Blake Sercye dominated Forest Park and Oak Park, but Richard Boykin did well enough elsewhere to win the expensive and hard fought Cook County Board Democratic primary race in the 1st District on March 18. At this point Boykin faces no opposition in the general election and is poised to succeed the retiring commissioner Earlean Collins.
Sercye, who was endorsed by state senator Don Harmon (D-Oak Park) and the Democratic Party of Oak Park (DPOP) as well as County Board President Toni Preckwinkle and Chicago Mayor Rahm Emanuel, carried Forest Park decisively, capturing 39 percent of the vote here compared to Boykin’s 27 percent. He also won Oak Park big, capturing an impressive 59 percent of the vote in a five candidate field. Sercye clobbered Boykin by a nearly three to one margin in Oak Park. Boykin received 21 percent of the vote in the village.
But Sercye faltered in the rest of the district running behind not only Boykin, but former 29th ward alderman Isaac “Ike” Carothers and Brenda Smith, a current aide to Collins and a former aide to Carothers.
Boykin won the race by piling up big margins in Proviso Township outside of Forest Park and running close to Carothers on the West Side.
Harmon said Sercye was gaining momentum as Election Day neared. “He gained a tremendous amount of support in a short period of time. If he had continued on the same trajectory for another week I think he would have been able to overcome the narrow margin by which he lost.”
With 99 percent of precincts reporting Boykin received 7,104 votes which was 30.6 percent of the votes cast. Sercye finished second overall with 5,987 votes or 25.8 percent. Carothers, who won the city portion of the district, finished third with 22.9 percent of the vote. Smith finished fourth with 17.1 percent and Oak Park activist Ron Lawless could only manage to win 843 votes, for 3.6 percent of the vote despite putting $50,000 of his own money on his campaign.
Boykin, a 45 year old resident of Oak Park, is a lawyer/lobbyist and a partner in the law firm of Barnes & Thornburg. He served as the chief of staff to Congressman Danny Davis (D-Chicago) for nine years. Davis pushed hard for Boykin.
Boykin supporters were jubilant at their victory party in a ballroom at the Carleton Hotel.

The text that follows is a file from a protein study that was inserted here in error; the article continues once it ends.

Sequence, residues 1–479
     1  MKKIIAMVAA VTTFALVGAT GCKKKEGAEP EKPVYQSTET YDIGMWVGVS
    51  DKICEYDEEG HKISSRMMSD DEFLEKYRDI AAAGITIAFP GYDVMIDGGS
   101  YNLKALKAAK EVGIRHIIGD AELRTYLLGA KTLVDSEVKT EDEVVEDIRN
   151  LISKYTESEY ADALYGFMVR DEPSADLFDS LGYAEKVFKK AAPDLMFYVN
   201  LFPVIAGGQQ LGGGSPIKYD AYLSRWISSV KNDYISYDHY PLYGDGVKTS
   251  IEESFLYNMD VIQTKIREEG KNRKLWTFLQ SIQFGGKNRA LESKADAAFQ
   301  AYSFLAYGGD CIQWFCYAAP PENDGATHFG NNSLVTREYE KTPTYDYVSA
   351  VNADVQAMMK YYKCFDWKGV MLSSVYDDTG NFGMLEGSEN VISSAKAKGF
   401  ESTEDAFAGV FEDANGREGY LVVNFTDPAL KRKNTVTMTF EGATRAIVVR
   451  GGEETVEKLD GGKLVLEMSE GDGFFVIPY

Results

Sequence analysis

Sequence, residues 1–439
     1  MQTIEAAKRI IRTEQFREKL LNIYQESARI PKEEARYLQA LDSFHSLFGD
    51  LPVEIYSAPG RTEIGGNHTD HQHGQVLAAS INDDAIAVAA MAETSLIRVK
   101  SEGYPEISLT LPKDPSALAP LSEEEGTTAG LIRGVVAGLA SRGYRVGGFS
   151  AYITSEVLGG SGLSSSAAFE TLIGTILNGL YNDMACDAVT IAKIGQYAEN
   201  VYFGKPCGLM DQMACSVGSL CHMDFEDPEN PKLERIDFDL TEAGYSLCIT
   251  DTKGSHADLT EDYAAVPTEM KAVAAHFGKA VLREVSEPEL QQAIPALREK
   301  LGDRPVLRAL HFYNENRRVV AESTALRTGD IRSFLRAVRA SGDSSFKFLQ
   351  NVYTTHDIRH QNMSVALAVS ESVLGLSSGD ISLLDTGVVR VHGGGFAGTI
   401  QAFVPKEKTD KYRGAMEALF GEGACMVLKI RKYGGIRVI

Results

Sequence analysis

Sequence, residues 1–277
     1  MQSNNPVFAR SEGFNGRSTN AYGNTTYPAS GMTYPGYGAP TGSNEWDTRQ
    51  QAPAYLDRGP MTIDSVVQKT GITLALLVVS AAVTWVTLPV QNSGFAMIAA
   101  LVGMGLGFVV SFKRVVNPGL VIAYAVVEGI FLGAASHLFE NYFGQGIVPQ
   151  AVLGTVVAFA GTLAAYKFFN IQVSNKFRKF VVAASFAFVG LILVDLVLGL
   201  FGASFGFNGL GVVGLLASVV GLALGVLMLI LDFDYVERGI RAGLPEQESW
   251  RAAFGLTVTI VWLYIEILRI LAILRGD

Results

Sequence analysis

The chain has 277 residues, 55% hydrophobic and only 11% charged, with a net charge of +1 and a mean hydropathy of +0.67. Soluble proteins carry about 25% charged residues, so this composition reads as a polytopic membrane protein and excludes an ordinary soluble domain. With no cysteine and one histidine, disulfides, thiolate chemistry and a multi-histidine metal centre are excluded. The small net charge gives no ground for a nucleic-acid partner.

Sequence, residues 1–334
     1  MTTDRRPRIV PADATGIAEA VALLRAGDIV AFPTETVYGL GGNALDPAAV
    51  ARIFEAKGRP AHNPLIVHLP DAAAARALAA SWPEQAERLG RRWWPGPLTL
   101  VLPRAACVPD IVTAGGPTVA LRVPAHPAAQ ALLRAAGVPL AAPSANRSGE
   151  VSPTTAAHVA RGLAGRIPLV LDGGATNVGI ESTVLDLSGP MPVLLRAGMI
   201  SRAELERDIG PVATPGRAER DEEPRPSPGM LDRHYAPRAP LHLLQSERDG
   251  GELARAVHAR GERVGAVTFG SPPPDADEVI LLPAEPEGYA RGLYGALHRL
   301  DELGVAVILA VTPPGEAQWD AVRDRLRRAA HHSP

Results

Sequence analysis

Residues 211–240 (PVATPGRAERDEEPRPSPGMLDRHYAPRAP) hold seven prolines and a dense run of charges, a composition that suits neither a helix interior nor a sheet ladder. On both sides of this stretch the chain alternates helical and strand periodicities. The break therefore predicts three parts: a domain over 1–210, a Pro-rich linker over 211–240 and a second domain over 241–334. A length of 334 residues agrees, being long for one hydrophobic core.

“We beat the county board president and also City Hall,” said Boykin campaign chairman, Dr. Willie Wilson.
Davis was also beaming as he entered the room ahead of Boykin.
Boykin won the race in Maywood, Broadview and Bellwood where he piled up big margins and Sercye did poorly. In Proviso Township as whole, including Forest Park, Boykin won 42.07 percent of the vote. Sercye, because of his strength in Forest Park, ran second in Proviso Township with 18.67 percent of the vote, just nine votes ahead of Smith. Excluding Forest Park both Smith and Carothers outperformed Sercye in Proviso Township.
“I want to thank Proviso Township,” Boykin said in his victory speech. “The suburbs were pretty good to us, especially out in Proviso.”
In Proviso Township Boykin benefited from the support of Cook County Recorder of Deeds Karen Yarborough and the Proviso Township Democratic Organization. State Representative Emanuel Chris Welch also backed Boykin.
Boykin credited his get out the vote effort for his victory.
“We had a great ground game today,” Boykin said. “We got voters out despite a low voter turnout.”
Money didn’t hurt either.
The Boykin campaign spent more than $300,000 in the race, much more than any other candidate. The candidates combined to spend more than $500,000 on the race making it one of the most expensive county board commissioner races ever.
Boykin ran a few television ads featuring Davis on local news programs in the final weeks of the campaign. Boykin gave more than $100,000 of his own money to his campaign stepping up the pace of his personal contributions after Preckwinkle and Emanuel vowed to raise or contribute $52,000 each to Sercye after endorsing him in late February.
Boykin emphasized crime and economic development in his campaign.
“I cannot wait to get to work to make this a better community, to make those streets safe and to bring job opportunities and to lower property taxes and to keep sales taxes where they are or lower,” Boykin told the crowd in his victory speech.
Boykin was attacked in the campaign for supporting Republican Mark Kirk in the 2010 Senate race and for making a few contributions to other Republican office holders.
Boykin made no apologies for that in his acceptance speech.
“We’re looking forward to working with everybody whether they’re Republican or Democrat,” Boykin said. “We’re going to work with everybody because the 1st District is just too important not to work with other people.”
The late cash infusion for Sercye fueled an aggressive direct mail campaign that attacked Boykin harshly. In the last month of the campaign Sercye also received help from Tom Bowen an experienced campaign operative who has close ties to Emanuel. Bowen was the deputy campaign manager for Emanuel’s mayoral campaign, ran Forrest Claypool’s unsuccessful County Board president campaign in 2006 and served as the campaign manager last year during Bill Daley’s short lived campaign for governor.
Sercye said that he believed the issues that he raised during the campaign would endure.
“The things that we pushed for in this race are going to matter to the next county commissioner because we made them issues,” Sercye said. “We made transparency, accountability, ethics, issues in this race so we know that those are things that we know our next commissioner is going to have to take into account.”